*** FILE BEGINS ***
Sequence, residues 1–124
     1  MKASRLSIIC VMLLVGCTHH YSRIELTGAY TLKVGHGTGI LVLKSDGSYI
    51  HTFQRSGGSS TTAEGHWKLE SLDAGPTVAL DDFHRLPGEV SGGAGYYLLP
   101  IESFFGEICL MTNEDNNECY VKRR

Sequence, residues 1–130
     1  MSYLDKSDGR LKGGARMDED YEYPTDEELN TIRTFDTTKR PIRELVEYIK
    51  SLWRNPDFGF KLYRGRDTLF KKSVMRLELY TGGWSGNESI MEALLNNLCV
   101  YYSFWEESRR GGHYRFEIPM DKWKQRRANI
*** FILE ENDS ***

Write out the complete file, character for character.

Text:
Sequence, residues 1–124
     1  MKASRLSIIC VMLLVGCTHH YSRIELTGAY TLKVGHGTGI LVLKSDGSYI
    51  HTFQRSGGSS TTAEGHWKLE SLDAGPTVAL DDFHRLPGEV SGGAGYYLLP
   101  IESFFGEICL MTNEDNNECY VKRR

Sequence, residues 1–130
     1  MSYLDKSDGR LKGGARMDED YEYPTDEELN TIRTFDTTKR PIRELVEYIK
    51  SLWRNPDFGF KLYRGRDTLF KKSVMRLELY TGGWSGNESI MEALLNNLCV
   101  YYSFWEESRR GGHYRFEIPM DKWKQRRANI